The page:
by Danielle Dutton

Reviewed by Erin Becker


Published by Siglio, 2010   |   143 pages

In an interview with her publisher, Danielle Dutton talks about the origins of her most recent novel: “In the wake of 9/11, I, like everyone else, was thinking a lot about America, about what we are, inasmuch as we are something. We spread out. We seek edges […] I was thinking about the suburbs, about sprawl.” Dutton’s S P R A W L is the result of this exploration. Unfolding over the course of its single, sprawling 140-page paragraph, S P R A W L satirizes the strained marriages, backyard pools and countertop crumbs of American suburban life. Yet, in lieu of an easy, acerbic disdain, Dutton opts for a sly lampooning, one that even gives a hint of something resembling mild affection. For all its facetious discourse on the monotonies of floral arrangements, cupcakes, and other suburban detritus, S P R A W L criticizes without ever condemning. It is in this that its charm and power lies.

Dutton came to writing by way of art, and her first emphasis in S P R A W L is not content but form. This is most obviously demonstrated by the book’s 140-page single paragraph layout. But it’s not only chapter breaks and indents that are absent: the book also shuns a linear plot. Instead, the unnamed narrator tells her story by way of reveries that amble together like adjacent cul-de-sacs. Here, as in suburbia itself, little happens on the surface: the narrator goes inside, goes outside, takes a bath, arranges fruit candles. Within these reveries, however, a rich internal life unfolds, albeit one filled with thoughts of consumerism, eroticism, bulldozers and the kitchen sink.

Lacking a central conflict, S P R A W L is buoyed instead by its satiric tone, most pronounced in the narrator’s comic timing, her narration a monologic succession of one-liners, buttressed by unexpected juxtapositions and droll observations. She is of suburbia, but also apart from it, at once enraptured in and critical of her surroundings and herself: “I am a rugged individualist and a sage. Thank you for attending my Tupperware parties.” She is open, self-deprecating, and jocular, but also evasive. Her continual joking suggests another, deeper motive, though Dutton never gives more than partial hints about what it might be.

Within the conventions of suburban fiction, it comes as no surprise that the narrator is married, or that her marriage is falling apart. Occasionally she fights with her husband, or has sex with him, or eats dinner with him in the backyard, but mostly they avoid one another. All the while she comments on this with the same clinical distance she uses in her analysis of suburbia’s local politics and landscaping. “We move from room to room, sometimes for a whole day, without conversation. We arrange objects in patterns on tables and come along to disrupt patterns of papers, utensils, cupcakes, plates.” They circle, rearrange, and disrupt, but rarely converse.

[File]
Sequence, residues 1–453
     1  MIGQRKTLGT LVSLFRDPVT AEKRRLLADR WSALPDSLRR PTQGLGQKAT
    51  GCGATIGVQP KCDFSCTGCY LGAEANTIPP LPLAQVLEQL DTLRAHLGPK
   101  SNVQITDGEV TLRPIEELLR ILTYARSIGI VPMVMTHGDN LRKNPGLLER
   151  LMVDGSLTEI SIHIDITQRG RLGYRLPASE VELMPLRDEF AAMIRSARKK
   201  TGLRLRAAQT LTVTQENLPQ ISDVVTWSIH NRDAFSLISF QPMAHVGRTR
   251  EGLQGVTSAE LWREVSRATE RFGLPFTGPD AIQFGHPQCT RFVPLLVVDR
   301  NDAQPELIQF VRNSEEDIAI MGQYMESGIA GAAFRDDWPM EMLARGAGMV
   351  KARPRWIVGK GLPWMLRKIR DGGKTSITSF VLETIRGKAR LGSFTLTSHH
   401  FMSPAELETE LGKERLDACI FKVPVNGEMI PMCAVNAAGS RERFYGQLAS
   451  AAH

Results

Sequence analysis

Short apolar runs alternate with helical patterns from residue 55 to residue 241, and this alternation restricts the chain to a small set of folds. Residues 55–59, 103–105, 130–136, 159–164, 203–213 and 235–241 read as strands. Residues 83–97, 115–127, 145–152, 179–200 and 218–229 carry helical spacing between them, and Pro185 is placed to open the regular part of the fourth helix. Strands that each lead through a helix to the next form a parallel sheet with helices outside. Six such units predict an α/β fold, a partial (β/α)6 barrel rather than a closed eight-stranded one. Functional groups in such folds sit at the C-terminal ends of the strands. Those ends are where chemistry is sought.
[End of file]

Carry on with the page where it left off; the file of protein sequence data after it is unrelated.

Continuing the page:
In the context of S P R A W L’s larger themes, this makes sense: clinical distance is perhaps the core dynamic in this world. Dutton has said that the book was inspired by Laura Letinsky’s series of domestic still lifes, Hardly More than Ever. Letinsky’s photos seem to have helped Dutton access the explosive stillness of the suburbs that she wanted to evoke. In S P R A W L, the influence of Letinsky and photography are most manifest in the narrator herself: she exists in a state of perpetual pose. In one scene, the narrator goes to the city to see a series of Dutch paintings. Spurred by the works’ timelessness, she imagines her own arrangements, interpreted and filled with meaning by a future scholar of the visual arts: “One day someone will decode intricately wrapped gifts on the far limits of the tabletop: glass grapes, bunches of plastic marigolds, a blue plate, a white plate, a heaping pile of fallen petals.” The greater narrative structure of the book is also highly visual, pervaded by the awareness of the human or camera gaze, of claustrophobic voyeurism and paranoia, the self-consciousness and meta-awareness of suburbia itself.

If not lived firsthand, the suburbs are still an inescapable, overgrown subdivision of the public consciousness manufactured in television and advertising. Hemingway once described his own suburban hometown, Oak Park, Chicago, as a place of “wide lawns and thin minds.” Dutton seconds this statement, but sees beyond it as well. The American suburb exists, with its sprinkler systems, its minivans, and its central air, in a place of marked privilege. So much about this existence begs critique, and yet we simultaneously wish some similar form of comfort for the underprivileged. Dutton is not the first writer to explore the paradoxical nature of contemporary suburbia; Updike, Cheever, and Roth, among others, have already investigated this terrain. Yet Dutton has found her own perspective on the subject, and a formal balance between experiment and simplicity, critique and appreciation. Yes, S P R A W L heaps volumes of satire on suburbia. Here, however, suburbia is in on the joke, and returns our gaze.

Erin Becker is an English teacher in Santiago, Chile, a graduate of the English and Creative Writing program at the University of North Carolina at Chapel Hill, and a native of Cedar Rapids, Iowa. Her interests include the relationship between propaganda and literature, writers during wartime, and contemporary media discourse.

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